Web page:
Nearly 15% of all men and 30% of all women admit
to a craving for chocolate.
Over 300 substances have
been identified in chocolate. Some of these, including caffeine and theobromine
(another, less powerful stimulant) could actually cause dependency effects. But
the amounts of these substances in chocolate are too small to really have any
The same goes for phenylethylamine, a substance related to a
family of stimulants called amphetamines. For example, chocolate contains less
phenylethylamine than goat cheese.
Anandamide, a neurotransmitter produced
naturally by the brain, has also been isolated in chocolate. The neural receptors
for anandamide are the same ones to which THC, the main active ingredient in cannabis,
binds. The anandamide in chocolate might therefore contribute to the feeling of
well-being reported by “chocoholics” (though you would have to eat
well over 30 kilos of chocolate to experience effects comparable to one dose of
Be that as it may, many scientists agree that dependency
on chocolate could simply be due to its taste, which causes a sensation of intense
pleasure that people want to repeat.
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|HOW DRUGS AFFECT NEUROTRANSMITTERS|| |
appeared very early in the course of evolution and is involved in many functions
that are essential for survival of the organism, such as motricity, attentiveness,
and memorization. But most of all, dopamine is a key element in identifying
natural rewards for the organism. These natural stimuli such as food and water
cause individuals to engage in approach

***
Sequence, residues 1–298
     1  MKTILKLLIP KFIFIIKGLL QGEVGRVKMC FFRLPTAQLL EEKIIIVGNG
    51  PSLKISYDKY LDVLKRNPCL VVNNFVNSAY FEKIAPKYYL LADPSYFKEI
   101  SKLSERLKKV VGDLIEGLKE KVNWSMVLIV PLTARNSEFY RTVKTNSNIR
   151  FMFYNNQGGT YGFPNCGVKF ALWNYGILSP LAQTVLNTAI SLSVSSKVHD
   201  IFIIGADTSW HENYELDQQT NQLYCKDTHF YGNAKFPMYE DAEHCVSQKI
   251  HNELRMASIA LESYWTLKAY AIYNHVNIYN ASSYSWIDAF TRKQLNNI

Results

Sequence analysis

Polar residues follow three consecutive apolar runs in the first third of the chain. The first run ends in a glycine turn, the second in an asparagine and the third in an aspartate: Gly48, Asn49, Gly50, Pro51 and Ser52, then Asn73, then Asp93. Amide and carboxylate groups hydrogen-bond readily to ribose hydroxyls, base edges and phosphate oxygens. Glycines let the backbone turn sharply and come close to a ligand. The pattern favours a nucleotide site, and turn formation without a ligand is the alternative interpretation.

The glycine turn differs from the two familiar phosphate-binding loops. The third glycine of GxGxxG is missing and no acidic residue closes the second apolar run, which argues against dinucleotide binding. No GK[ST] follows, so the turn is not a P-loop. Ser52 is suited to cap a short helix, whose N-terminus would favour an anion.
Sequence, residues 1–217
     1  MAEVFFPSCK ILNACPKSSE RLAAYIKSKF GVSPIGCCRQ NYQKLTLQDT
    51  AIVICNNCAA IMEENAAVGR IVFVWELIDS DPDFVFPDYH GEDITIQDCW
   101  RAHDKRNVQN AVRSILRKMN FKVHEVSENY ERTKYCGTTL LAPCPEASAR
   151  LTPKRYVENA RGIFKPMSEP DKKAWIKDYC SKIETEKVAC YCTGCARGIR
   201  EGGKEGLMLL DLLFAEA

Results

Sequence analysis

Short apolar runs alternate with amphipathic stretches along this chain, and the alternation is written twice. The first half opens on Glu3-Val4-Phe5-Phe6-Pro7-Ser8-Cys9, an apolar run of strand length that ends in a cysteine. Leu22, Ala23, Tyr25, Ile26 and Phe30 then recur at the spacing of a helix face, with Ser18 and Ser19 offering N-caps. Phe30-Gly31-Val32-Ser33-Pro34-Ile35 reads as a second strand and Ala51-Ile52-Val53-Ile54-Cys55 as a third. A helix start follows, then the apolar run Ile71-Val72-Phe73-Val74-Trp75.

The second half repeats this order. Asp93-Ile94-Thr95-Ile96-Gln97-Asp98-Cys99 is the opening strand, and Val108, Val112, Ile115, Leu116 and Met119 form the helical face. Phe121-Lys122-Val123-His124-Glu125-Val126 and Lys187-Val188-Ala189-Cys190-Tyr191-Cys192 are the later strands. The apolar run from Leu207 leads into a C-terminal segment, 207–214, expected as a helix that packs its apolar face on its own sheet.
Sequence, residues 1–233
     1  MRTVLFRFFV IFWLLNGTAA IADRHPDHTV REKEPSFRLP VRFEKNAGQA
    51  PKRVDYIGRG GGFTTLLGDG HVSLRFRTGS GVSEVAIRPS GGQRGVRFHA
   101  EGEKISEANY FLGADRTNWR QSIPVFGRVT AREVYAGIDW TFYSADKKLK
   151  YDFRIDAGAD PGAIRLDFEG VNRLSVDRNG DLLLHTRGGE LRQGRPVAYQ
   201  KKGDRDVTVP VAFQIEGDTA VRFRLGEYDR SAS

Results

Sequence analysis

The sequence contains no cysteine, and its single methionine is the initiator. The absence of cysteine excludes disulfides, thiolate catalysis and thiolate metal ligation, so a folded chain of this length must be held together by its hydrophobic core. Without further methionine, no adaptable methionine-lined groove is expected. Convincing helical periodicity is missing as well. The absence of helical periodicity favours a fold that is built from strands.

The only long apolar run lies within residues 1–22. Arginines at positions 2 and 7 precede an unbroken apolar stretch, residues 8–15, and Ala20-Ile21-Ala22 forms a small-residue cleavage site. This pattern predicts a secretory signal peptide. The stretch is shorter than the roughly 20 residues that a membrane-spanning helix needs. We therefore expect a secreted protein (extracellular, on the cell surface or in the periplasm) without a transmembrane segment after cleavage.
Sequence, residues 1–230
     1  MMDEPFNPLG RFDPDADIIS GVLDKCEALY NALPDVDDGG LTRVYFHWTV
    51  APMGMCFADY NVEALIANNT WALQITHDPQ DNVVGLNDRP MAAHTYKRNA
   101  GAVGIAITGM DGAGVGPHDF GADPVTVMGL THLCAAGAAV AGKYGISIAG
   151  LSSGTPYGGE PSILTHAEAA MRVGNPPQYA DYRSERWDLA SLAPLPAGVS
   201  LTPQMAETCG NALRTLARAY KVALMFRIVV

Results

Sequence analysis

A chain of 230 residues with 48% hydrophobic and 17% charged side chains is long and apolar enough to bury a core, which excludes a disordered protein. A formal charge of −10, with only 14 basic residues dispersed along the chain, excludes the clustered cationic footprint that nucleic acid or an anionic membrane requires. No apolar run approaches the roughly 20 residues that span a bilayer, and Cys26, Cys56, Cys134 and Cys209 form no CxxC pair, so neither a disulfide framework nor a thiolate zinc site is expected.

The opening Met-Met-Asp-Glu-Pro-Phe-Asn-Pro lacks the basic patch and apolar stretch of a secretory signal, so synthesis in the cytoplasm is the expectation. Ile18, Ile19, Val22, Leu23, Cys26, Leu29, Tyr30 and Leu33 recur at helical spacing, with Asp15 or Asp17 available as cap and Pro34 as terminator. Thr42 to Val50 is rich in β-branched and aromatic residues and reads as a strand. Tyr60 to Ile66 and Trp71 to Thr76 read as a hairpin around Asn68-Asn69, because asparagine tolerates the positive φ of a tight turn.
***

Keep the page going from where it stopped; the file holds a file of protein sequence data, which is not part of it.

behaviours. Dopamine is also involved in unconscious memorization of signs
associated with these rewards.
It has now been established that all
substances that trigger dependencies in human beings increase the release of a
neuromediator, dopamine, in a specific area of the brain: the
not all drugs increase dopamine levels in the brain in the same way.
- Some substances imitate natural neuromediators
and take their place on their receptors. Morphine, for example, binds to the receptors
for endorphin (a natural "morphine" produced by the brain), while nicotine
binds to the receptors for acetylcholine.
substances increase the secretion of natural neuromediators.
Cocaine, for example, mainly increases the amount of dopamine in the synapses,
while ecstasy mainly increases the amount of serotonin.
Still other substances block a natural neuromediator. Alcohol,
for example, blocks the NMDA receptors.
on the names of each of the following drugs to read about how they work and what
effects they have.
(heroin, morphine, etc.) ----- Cocaine
passes directly from the digestive tract into the blood vessels. In minutes, the
blood transports the alcohol to all parts of the body, including the brain.
Alcohol affects the brain’s neurons in several ways. It alters their
membranes as well as their ion channels, enzymes, and receptors. Alcohol also
binds directly to the receptors for acetylcholine, serotonin, GABA, and the NMDA
receptors for glutamate.
Click on the labels in the diagram to the right
to see an animation about how alcohol affects a GABA synapse. GABA’s effect
is to reduce neural activity by allowing chloride ions to enter the post-synaptic
neuron. These ions have a negative electrical charge, which helps to make the
neuron less excitable. This physiological effect is amplified when alcohol binds
to the GABA receptor, probably because it enables the ion channel to stay open
longer and thus let more Cl- ions into the cell.
activity would thus be further diminished, thus explaining the sedative effect
of alcohol. This effect is accentuated because alcohol also reduces glutamate’s
excitatory effect on NMDA receptors.
However, chronic consumption of
alcohol gradually makes the NMDA receptors hypersensitive to glutamate while desensitizing
the GABAergic receptors. It is this sort of adaptation that would cause the state
of excitation characteristic of alcohol withdrawal.
Alcohol also helps
to increase the release of dopamine, by a process that is still poorly understood
but that appears to involve curtailing the activity of the enzyme that breaks
General links about alcohol: